Another essential means to energy independence is a dramatic expansion in theuse of nuclear energy. We’ve gotta tap into that.In ouradministration, we will set this nation on a course to build 45 new nuclearreactors by the year 2030. That’s a lofty goal, I know.And we will set the goal of 100 new plants to power the homes and factories and cities of America. This has to be tapped into also. This has to be part of the solution.
This task will be as difficult as it is necessary. We will need to recover all the knowledge and theskills that have been lost over three stagnant decades in a highly technical field, like nuclear. We need to solve complex problems of moving and storing materials that will always need thatsafeguarding. Andwe will need to do all of these things, and do them right, and we have done, as we have done great things before. **We have to tap into American ingenuity and make sure that our young people are growing up understanding the benefits of nuclear, and our colleges are teaching that science also. **
One of the efforts that will assist in securing our overallenergy future is the development of clean-coal technology also. Here we have another big disagreement with our opponents. It was just about a month ago that Joe Biden told a voter in a rope line, but media caught him on tape, he told a, he told a voter that “we’re not supporting clean coal.” He says that clean coal, it’s, it’s a good idea for China, but, sorry Ohio, he says, Joe Biden says it’s not for you.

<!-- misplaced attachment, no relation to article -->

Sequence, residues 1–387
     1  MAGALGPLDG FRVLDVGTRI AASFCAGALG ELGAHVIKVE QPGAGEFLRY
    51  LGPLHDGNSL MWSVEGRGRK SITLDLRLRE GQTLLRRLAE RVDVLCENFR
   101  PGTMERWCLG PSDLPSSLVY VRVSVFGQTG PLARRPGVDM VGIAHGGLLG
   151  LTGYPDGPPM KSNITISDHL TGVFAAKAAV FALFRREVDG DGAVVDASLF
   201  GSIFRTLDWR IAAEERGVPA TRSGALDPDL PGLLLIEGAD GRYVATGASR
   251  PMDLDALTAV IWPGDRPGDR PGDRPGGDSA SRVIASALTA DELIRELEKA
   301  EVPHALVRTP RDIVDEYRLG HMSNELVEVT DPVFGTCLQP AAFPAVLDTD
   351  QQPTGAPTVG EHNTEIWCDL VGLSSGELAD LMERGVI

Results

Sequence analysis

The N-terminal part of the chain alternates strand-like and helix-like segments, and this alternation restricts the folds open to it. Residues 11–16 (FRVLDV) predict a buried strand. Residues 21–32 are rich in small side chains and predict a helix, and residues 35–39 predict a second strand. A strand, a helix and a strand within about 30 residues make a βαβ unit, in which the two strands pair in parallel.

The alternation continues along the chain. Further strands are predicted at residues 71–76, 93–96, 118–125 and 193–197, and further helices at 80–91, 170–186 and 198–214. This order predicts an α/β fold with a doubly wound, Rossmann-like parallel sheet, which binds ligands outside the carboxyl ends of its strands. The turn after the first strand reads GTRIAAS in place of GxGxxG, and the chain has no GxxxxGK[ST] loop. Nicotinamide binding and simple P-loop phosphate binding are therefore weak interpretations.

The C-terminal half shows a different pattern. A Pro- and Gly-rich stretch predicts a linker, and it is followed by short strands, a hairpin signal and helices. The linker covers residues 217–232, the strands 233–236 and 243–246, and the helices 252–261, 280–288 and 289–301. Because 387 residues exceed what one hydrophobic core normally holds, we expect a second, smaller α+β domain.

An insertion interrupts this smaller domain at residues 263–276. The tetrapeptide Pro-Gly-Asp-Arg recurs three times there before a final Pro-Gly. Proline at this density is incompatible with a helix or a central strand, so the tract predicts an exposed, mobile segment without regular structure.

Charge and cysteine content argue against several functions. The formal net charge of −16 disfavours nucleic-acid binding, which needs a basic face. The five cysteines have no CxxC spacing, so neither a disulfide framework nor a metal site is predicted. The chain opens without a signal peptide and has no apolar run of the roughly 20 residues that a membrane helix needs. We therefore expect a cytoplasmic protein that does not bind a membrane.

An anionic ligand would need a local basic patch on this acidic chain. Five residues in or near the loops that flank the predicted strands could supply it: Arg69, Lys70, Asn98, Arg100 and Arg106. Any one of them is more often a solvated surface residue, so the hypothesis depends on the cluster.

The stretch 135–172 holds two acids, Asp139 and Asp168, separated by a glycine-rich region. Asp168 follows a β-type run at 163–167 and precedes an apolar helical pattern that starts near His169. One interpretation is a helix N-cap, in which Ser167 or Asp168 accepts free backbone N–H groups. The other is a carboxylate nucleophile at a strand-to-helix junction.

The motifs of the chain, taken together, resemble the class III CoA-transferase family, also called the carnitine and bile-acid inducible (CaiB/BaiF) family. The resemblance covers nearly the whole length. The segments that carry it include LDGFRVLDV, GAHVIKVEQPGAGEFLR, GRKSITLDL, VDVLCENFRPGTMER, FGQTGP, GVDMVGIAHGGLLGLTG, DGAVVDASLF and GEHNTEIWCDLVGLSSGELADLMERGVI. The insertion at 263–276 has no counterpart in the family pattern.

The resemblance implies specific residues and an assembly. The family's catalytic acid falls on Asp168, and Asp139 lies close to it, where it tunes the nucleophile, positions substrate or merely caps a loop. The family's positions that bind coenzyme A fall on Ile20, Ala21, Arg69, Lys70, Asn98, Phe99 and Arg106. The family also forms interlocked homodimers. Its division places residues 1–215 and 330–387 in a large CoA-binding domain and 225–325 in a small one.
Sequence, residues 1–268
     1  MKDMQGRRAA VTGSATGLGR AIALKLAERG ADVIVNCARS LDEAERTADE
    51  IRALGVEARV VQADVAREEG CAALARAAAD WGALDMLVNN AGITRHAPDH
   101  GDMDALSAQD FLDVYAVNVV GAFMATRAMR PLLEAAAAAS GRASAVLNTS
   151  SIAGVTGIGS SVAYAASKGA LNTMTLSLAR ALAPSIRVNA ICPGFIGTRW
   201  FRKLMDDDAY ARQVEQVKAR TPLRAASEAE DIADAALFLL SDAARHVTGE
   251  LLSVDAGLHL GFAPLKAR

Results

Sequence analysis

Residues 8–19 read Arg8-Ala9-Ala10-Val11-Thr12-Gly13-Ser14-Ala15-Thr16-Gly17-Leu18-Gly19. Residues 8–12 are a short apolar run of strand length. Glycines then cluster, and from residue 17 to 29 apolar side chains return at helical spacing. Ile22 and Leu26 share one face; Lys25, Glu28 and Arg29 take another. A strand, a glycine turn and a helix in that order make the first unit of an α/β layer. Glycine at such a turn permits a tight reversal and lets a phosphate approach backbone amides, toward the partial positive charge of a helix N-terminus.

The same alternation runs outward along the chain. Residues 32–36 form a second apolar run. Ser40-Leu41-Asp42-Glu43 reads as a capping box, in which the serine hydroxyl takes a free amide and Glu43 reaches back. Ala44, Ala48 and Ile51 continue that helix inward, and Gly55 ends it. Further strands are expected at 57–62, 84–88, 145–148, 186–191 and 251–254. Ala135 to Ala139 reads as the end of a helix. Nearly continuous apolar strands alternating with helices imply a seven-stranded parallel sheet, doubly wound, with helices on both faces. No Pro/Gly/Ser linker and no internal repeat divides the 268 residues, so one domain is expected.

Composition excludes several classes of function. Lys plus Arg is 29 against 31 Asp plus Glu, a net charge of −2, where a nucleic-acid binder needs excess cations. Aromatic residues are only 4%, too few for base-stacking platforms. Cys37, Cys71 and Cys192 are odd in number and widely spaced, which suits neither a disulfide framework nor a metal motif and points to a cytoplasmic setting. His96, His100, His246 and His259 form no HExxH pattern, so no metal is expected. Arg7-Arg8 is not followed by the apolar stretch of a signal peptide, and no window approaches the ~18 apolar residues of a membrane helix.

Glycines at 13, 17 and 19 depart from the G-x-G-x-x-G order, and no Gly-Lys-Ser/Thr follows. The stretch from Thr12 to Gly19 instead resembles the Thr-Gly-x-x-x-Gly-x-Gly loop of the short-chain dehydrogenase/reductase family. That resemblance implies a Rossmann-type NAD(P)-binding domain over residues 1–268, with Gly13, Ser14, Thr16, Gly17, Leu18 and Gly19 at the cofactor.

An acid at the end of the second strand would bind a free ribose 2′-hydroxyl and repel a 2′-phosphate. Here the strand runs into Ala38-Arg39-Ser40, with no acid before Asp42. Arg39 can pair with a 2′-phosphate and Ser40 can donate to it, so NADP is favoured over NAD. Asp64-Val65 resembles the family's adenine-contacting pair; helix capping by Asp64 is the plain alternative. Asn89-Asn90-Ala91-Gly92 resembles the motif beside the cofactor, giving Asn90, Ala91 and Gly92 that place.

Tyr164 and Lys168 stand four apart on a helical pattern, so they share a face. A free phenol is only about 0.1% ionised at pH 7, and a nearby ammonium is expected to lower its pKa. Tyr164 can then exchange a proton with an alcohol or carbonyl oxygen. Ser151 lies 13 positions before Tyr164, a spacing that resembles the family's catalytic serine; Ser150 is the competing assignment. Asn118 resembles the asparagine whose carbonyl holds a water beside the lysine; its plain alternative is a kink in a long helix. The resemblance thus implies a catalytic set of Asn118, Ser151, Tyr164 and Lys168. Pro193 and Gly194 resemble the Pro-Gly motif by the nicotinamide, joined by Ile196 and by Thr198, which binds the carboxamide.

And that isjust nonsense, and there’s plenty more of that nonsense when, um, you look atSenator Biden’s record. He’s against drilling off our coasts. He says it’sfor environmental reasons that he’s opposed. But he says that offshore drilling holds real promise for the island nation of Cyprus — as if the environmental safeguards thereare more rigorous than our own. And so far as he and Senator Obama are concerned, nuclear power’s okay, too — but only for France and other European nations. Our opponents seem to have all sorts of solutions and ideas to meet theenergy needs of other nations — now if they would onlyfocus on more ofwhat America needs.